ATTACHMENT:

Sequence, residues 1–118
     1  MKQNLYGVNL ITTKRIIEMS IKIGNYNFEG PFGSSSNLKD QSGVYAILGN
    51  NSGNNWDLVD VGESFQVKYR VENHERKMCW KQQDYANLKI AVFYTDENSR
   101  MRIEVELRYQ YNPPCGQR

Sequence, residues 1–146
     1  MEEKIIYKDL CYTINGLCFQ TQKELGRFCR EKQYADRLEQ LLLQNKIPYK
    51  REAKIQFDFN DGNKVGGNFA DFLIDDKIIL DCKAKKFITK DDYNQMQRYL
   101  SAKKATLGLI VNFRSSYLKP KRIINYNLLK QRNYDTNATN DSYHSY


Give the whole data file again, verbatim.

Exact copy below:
Sequence, residues 1–118
     1  MKQNLYGVNL ITTKRIIEMS IKIGNYNFEG PFGSSSNLKD QSGVYAILGN
    51  NSGNNWDLVD VGESFQVKYR VENHERKMCW KQQDYANLKI AVFYTDENSR
   101  MRIEVELRYQ YNPPCGQR

Sequence, residues 1–146
     1  MEEKIIYKDL CYTINGLCFQ TQKELGRFCR EKQYADRLEQ LLLQNKIPYK
    51  REAKIQFDFN DGNKVGGNFA DFLIDDKIIL DCKAKKFITK DDYNQMQRYL
   101  SAKKATLGLI VNFRSSYLKP KRIINYNLLK QRNYDTNATN DSYHSY